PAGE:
5. Treatment of Vaginal Thrush
Probiotics used as an additional therapy to antifungal drugs has been shown to enhance their effect and improve the rate of clinical cure. This benefit was also observed with possible reduced rates of relapse within one month. Different trials used different strains of probiotics such as lactobacillus acidophilus, saccharomyces boulardii, streptococcus thermophiles and lactobacillus casei.
6. Mental Health
Probiotics may also play a role into mental health, although this is an area in which more research is needed. It has been suggested that probiotics play a role in the bidirectional communication between the gut and brain through the gut-brain axis. It’s thought that there are specific strains which may play a role in the reduction of depression, such as bifidobacterium infantis and lactobacillus rhamnosus.
Is a supplement key to good gut health?
A supplement will rarely if ever fix everything. Gut health is a varied and complex area. As seen above, there are benefits to supplementation, but it’s not the only important factor for optimising gut health. There are also so many other factors which influence the balance of beneficial to harmful bacteria in our gut. These include diet, exercise, early life exposures such as method of birth (vaginal versus caesarean section delivery) and method of feeding (breast versus bottle feeding), age, medications, stress and illness can all affect our gut microbiome.
In fact, The American Gut Project, a study that looked at the diet and lifestyle factors that affect the gut microbiome, found that people who ate 30+ different plant foods a week had a far more diverse microbiome than those who ate 10 or less plant foods. This means that one of the best things you can for for your gut health is to include a wide range of different fruits, vegetables, legumes, nuts, seeds and grains in your diet.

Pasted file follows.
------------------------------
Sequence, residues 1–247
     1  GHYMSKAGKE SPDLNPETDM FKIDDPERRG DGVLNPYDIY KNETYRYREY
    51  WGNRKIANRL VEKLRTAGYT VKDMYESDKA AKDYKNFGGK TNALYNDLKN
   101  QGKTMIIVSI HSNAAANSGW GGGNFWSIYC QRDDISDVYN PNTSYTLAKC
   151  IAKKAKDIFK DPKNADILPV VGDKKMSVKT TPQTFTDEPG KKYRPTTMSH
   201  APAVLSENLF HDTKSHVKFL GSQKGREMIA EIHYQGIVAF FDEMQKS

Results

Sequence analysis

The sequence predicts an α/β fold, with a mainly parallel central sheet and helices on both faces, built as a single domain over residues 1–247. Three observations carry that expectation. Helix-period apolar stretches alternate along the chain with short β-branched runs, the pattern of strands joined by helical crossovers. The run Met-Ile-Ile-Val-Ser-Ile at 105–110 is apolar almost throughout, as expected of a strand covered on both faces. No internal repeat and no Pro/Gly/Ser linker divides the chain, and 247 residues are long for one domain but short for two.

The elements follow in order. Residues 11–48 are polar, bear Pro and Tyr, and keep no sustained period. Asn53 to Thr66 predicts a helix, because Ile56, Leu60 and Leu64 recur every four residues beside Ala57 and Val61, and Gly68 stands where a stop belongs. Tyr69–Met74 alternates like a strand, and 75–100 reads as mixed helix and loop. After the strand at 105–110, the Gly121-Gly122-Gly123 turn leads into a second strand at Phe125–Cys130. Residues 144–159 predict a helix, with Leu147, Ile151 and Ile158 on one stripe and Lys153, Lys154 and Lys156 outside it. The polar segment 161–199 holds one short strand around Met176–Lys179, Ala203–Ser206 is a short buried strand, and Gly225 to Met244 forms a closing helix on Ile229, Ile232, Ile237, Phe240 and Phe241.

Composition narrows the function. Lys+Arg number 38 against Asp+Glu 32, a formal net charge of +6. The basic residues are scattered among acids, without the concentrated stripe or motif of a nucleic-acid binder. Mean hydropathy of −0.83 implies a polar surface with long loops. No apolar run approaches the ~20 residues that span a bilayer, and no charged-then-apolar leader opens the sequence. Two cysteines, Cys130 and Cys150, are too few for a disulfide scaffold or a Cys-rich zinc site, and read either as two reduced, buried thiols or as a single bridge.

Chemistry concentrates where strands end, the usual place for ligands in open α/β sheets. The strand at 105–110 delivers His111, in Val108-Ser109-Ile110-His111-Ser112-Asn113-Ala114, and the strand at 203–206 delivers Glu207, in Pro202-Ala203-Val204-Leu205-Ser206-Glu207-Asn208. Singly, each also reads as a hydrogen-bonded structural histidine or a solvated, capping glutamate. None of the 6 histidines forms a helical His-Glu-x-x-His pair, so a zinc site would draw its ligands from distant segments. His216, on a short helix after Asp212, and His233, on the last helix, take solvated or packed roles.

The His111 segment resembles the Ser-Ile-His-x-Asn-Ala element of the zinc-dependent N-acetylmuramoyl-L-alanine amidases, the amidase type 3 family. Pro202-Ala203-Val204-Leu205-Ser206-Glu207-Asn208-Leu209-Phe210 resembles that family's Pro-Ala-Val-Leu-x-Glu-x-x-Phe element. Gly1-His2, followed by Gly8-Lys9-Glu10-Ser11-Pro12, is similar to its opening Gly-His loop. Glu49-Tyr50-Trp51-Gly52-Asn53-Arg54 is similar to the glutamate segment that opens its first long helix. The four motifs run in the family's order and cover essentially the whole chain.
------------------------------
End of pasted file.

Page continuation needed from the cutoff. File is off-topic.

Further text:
How Can I Include Probiotics In My Diet?
There are many benefits to including probiotic rich foods in your diet. These good bacteria may help fight off other bacteria, fungi and viruses that can cause infection. A lack of good bacteria has been shown to be a key reason that individuals pick up infections. This isn’t surprising, seeing as over 70% of your immune system is found in your gut.
Probiotic containing foods include live yoghurt, kefir, raw sauerkraut, raw kimchi, kombucha, tempeh and miso. While the evidence is still unclear as to whether probiotics in some sources like kombucha survive stomach acid and reach the digestive tract alive, it’s still worth including them in your diet for increased nutrient diversity. The evidence for bacteria in live yoghurt reaching the digestive tract is more promising. There can be up to 1 billion bacteria per spoon of live yoghurt! However, it’s worth noting that for probiotics to actually be present in yoghurts, the product needs to specify which strain of live probiotic that it contains. This can be found in the ingredients list.
You can also choose to take a probiotic supplement. It’s worth noting that different strains are researched for different things, so make sure to choose one with researched strains.
It’s also really important to include prebiotic rich foods in your diet to help feed your gut bacteria. Choose foods like garlic, onions, chicory, asparagus, leeks and artichokes – Yes, it always comes back to eating your veggies!